1) First off – change your mindset. A strong-will is not a bad thing. When I think of the literal opposite of a strong-will, I think of a weak-willed individual, someone who never stands up for anything, someone who is walked over and taken advantage of. A strong-will is a good thing.
2) Allow yourself to be vulnerable. It’s extremely humbling to have a child who makes you eat your words, or look the fool. But by finally realizing that I was not the perfect parent, I opened myself up to a whole community of moms I would have never met. To top it off, I didn’t realize the immense pressure I had put myself under to look like I had Elsie and her larger-than-life personality under control. Once I verbally admitted that I didn’t know what the heck I was doing, I felt so much relief.
3) Be on the same page as parents. Discipline is a hard thing. It’s an even harder thing to be united on as parents. Jeff and I both came to parenthood with different disciplinary methods that we thought were appropriate. There was nothing like having a strong-willed child thrown into the mix to make us even more divided. It was like she knew who the weakest link was between us…and even at a year old, boy! Did she know how to play us! As much as we have now embraced Elsie’s spunky character, there are definitely times when she needs to be reined in. We just now approach discipline as a united front.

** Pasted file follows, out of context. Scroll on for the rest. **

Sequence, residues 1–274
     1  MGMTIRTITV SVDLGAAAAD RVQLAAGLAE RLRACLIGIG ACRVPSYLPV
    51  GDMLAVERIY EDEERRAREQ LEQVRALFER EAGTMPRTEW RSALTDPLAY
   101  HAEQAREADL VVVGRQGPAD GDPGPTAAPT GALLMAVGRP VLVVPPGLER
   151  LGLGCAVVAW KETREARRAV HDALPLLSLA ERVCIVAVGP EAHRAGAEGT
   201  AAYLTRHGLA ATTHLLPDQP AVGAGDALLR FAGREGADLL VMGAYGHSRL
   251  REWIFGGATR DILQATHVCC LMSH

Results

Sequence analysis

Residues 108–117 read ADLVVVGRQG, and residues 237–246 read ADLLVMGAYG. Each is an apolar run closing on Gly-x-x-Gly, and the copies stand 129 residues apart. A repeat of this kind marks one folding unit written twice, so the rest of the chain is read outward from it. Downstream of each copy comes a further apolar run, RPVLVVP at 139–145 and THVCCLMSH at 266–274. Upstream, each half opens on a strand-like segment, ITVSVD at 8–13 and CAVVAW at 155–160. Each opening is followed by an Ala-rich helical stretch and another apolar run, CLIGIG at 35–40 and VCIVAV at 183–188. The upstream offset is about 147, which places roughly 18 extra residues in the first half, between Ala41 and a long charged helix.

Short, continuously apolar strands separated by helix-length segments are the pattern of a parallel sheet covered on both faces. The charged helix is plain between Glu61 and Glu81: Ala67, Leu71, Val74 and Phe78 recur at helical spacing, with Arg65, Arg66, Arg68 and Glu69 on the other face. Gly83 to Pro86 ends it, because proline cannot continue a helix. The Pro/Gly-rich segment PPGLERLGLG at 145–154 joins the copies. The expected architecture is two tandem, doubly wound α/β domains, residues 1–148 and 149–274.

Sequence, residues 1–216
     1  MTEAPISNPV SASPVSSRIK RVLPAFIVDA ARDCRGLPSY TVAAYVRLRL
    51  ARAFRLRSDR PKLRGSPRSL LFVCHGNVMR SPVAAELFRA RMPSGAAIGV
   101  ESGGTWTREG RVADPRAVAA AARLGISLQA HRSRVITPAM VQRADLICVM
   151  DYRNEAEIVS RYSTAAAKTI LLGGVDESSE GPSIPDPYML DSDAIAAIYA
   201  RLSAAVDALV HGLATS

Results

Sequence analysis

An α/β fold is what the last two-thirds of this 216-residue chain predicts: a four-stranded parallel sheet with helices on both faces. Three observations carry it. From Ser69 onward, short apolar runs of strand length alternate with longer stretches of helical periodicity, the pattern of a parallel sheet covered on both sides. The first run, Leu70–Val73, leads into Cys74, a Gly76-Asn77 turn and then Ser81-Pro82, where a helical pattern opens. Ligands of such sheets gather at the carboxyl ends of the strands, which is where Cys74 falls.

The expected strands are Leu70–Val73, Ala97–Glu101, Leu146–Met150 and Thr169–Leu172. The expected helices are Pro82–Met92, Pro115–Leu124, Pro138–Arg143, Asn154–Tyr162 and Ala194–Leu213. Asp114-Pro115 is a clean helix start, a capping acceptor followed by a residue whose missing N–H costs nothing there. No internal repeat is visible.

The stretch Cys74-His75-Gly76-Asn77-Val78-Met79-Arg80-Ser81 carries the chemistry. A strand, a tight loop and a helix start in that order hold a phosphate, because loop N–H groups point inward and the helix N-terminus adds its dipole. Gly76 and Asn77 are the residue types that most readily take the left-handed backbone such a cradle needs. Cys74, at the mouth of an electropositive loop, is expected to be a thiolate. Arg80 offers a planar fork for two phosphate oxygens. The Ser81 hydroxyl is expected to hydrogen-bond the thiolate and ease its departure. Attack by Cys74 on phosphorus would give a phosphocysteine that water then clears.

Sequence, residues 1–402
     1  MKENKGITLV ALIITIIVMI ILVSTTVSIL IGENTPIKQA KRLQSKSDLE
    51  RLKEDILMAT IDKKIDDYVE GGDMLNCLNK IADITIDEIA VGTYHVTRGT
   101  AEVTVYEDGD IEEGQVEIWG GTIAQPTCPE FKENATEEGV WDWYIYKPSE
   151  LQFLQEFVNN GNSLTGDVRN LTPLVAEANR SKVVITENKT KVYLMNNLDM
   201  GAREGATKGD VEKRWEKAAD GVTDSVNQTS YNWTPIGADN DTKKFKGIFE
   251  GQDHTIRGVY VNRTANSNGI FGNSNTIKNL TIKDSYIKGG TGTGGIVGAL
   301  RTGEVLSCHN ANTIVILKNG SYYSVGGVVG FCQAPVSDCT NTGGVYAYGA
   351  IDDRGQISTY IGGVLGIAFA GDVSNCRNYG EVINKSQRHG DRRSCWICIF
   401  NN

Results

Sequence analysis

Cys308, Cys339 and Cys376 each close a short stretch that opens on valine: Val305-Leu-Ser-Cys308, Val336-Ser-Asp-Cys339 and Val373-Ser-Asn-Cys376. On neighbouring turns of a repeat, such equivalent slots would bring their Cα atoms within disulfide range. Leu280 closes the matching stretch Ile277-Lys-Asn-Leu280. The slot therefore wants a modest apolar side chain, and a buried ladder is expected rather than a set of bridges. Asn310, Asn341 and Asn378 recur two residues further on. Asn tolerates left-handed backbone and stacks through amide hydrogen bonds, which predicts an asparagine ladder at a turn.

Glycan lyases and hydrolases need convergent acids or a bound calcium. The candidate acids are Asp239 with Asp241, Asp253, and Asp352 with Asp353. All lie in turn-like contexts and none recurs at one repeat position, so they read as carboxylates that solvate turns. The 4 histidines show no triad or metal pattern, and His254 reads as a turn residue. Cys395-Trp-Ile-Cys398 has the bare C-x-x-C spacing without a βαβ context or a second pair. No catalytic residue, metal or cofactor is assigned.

4) When the moment has passed, ask yourself why she’s acting out this way. If there is one thing that Elsie has taught me, it’s that I need to be a student of my children. I have discovered that Elsie acts out more when she doesn’t have one-on-one time with me (or Jeff). Sometimes all it takes is spending 15-20 minutes with just Elsie to make everything right in her world again.
Like I said, this is not something that I have perfected yet. There are days where I am still pulling out my hair, biting my tongue, locking myself in the bathroom. But the truth is, I love that little girl more than life itself. I love every ounce of her stubborn, hot-blooded, scrappy character. And I know that someday, I’m going to stand back in awe at the mountains she’s going to move in life, exclaiming, “Hey! You see her? You see that girl? You see what she did? That’s MY kid!”